The Dangers of Injecting Meth – Methamphetamine (meth) is an addictive and potentially deadly drug that stimulates the central nervous system (CNS), causing an increase in brain activity, heart rate, and respiratory rate. Meth is used for its euphoric effect, ability to increase energy and attention, and suppress appetite.
However, meth use can also have severe and devastating consequences on a person’s physical and mental health, as well as the lives of those around him or her.
This drug can be administered in a number of ways – orally, or by snorting, smoking, or injecting. No method of use is safe, but some, especially injecting, pose more risks than others. Shooting meth can expedite the development of an addiction because of the immediacy and intensity with which intravenous effects are experienced.
In 2012, an estimated 1.2 million people were past-year meth users, and in 2011, more than 100,000 people visited an emergency department as a result of meth use. While the Diagnostic and Statistical Manual of Mental Disorders, Fifth Edition (DSM-5), doesn’t include precise statistics on intravenous meth use, it does report that around 18% of amphetamine-type stimulant abusers inject the drug.
What Is Meth?
Meth, also referred to as Crystal, Ice, and Glass, is classified as a Schedule II drug by the Drug Enforcement Administration, meaning that it is considered to have limited legitimate pharmaceutical purposes. Indeed, most of the world’s supply of meth is illicitly produced.
Effects and Side Effects of Injecting Meth
Injecting meth causes the drug to reach the brain rapidly, resulting in an intense rush or feeling of euphoria. These effects, however, only lasts for a few minutes, and imminently, more of the drug is needed to continue the feelings of euphoria.
This is why meth is frequently used in a “binge-and-crash” pattern, the user repeatedly injecting over a brief period in an attempt to maintain the high. This behavior can last for several days and is also known as a “run.” Individuals may completely neglect necessary functions, such as sleeping and eating, in favor of using meth.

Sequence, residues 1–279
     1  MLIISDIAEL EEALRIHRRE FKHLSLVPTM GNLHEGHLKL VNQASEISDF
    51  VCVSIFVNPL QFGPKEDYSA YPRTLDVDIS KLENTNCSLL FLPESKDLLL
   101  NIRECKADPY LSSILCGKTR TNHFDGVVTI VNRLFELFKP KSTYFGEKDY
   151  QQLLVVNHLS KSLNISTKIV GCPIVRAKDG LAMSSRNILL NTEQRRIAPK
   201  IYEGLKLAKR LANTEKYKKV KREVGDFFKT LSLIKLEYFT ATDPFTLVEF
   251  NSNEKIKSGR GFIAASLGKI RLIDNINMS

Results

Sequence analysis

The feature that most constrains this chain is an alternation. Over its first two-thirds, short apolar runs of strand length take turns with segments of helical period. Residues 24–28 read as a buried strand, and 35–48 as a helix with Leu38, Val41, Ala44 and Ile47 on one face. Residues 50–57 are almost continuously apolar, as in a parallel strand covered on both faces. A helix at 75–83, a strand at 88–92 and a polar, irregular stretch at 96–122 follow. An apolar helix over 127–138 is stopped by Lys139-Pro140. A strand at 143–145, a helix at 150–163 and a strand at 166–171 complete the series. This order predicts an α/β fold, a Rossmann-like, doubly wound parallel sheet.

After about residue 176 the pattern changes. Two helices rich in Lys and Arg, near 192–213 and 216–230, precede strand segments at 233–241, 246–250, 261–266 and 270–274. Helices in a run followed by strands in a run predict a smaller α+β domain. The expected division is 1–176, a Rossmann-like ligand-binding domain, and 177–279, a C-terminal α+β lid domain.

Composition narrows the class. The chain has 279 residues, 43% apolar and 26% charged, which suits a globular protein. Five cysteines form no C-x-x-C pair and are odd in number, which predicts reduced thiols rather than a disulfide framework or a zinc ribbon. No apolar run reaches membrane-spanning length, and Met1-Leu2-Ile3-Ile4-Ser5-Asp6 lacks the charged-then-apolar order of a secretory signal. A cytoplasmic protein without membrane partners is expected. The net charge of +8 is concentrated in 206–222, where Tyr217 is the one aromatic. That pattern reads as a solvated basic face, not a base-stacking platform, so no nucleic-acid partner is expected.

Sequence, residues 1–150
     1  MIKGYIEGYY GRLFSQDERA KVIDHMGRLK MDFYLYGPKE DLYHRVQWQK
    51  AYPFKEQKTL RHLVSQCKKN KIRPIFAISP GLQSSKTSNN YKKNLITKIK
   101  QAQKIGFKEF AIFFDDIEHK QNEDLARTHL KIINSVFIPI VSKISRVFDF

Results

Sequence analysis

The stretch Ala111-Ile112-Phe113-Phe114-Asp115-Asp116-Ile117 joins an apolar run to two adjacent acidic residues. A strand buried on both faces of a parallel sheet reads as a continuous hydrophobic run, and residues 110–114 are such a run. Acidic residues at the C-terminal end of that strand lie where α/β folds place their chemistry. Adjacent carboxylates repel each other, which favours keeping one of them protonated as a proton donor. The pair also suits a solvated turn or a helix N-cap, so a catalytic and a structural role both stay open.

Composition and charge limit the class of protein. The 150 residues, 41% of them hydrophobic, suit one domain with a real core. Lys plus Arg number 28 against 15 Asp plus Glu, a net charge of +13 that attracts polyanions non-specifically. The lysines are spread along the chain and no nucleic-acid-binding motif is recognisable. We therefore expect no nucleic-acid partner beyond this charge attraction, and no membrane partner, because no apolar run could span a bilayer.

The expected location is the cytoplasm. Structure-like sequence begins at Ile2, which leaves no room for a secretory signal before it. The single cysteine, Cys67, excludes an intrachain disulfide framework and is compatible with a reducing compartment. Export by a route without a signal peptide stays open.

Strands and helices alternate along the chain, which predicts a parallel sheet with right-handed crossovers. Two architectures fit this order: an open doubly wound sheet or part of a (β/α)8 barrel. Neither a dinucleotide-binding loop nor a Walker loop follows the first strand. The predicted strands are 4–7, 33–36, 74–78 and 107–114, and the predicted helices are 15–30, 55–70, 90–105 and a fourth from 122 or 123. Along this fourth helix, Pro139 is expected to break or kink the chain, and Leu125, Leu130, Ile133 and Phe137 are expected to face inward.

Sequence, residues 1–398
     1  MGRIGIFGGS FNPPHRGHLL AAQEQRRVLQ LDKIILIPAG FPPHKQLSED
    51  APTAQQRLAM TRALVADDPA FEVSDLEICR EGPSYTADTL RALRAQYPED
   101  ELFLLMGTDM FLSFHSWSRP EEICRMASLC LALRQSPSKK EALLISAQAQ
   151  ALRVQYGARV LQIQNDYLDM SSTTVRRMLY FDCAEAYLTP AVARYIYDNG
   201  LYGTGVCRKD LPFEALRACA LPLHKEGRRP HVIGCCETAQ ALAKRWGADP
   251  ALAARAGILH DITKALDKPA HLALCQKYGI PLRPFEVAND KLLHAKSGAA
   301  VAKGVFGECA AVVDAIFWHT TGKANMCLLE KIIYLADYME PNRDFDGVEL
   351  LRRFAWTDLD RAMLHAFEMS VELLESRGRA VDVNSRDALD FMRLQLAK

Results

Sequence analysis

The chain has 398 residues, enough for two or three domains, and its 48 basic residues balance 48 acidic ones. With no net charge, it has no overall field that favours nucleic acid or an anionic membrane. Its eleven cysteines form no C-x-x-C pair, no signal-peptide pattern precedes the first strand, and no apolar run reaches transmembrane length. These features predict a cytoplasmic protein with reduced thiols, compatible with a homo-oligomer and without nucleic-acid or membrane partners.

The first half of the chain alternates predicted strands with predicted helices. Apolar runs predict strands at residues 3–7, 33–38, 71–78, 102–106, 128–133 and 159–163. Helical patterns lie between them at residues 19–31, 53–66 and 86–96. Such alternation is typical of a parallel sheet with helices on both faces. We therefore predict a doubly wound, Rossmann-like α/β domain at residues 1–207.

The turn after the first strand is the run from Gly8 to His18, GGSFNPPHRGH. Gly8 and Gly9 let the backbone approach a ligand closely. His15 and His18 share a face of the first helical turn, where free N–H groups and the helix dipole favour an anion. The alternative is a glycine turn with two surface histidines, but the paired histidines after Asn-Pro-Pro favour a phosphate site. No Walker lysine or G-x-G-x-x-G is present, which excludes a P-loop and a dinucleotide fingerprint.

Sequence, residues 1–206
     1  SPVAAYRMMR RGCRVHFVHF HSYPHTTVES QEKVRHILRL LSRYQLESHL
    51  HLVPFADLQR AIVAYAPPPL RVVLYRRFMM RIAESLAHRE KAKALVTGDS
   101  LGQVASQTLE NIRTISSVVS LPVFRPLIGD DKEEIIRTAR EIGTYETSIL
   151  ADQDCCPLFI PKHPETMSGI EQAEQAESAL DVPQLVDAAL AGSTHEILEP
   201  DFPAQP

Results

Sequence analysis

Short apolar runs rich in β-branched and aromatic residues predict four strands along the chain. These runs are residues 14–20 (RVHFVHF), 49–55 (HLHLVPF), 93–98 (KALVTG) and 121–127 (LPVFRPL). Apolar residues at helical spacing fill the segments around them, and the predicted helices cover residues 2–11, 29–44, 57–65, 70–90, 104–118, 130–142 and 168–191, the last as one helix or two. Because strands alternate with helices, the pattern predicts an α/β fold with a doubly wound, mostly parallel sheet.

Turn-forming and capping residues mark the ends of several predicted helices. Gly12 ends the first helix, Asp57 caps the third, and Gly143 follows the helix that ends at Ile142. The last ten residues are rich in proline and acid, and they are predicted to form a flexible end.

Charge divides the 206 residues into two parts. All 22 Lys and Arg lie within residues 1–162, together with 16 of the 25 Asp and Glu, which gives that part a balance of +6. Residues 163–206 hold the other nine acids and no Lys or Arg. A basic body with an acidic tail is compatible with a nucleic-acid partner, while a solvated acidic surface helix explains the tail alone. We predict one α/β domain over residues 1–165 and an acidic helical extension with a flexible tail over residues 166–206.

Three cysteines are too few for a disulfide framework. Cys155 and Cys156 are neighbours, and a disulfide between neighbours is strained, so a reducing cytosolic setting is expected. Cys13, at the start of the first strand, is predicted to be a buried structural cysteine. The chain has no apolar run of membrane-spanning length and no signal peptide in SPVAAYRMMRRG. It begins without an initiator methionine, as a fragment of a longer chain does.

The intense high experienced by meth users is a product of the rapid release of dopamine in the brain. This neurotransmitter is involved in feelings of pleasure, motivation, and motor control, and reinforces drug-using behaviors due to the rush of euphoria it induces. Since meth users typically use the stimulant in a binge pattern, repeated exposure and the resulting release of dopamine leads to a profoundly depressive state when the binge ends.
In the early phases of the high, the user feels excited or elated, euphoric, and may experience a flurried thought process that results in rapid speech. The person may have an increased libido during this early stage, as well as impulsivity. Energy and alertness are elevated, and the person may also feel an increase in physical strength.
In the later phases of a meth high, the user may feel restless, nervous, and aggressive, and exhibit psychosis and paranoia. Cravings for meth are likely to manifest in the later phase, as well as depression and fatigue.
The Dangers of Injecting Meth
Injecting meth can result in a number of medical complications. These are related to both the stimulant abuse and the route of administration. Injuries/illnesses that may be caused by injecting meth include:
- Track lines/marks
- Puncture marks
- Collapsed veins
- Skin infections
Meth users also have an increased risk of contracting HIV, Hepatitis, and Tuberculosis. The risk of HIV infection is increased due to sharing unsterilized needles as well as engaging in risky sexual activity, which is not uncommon for those who use meth.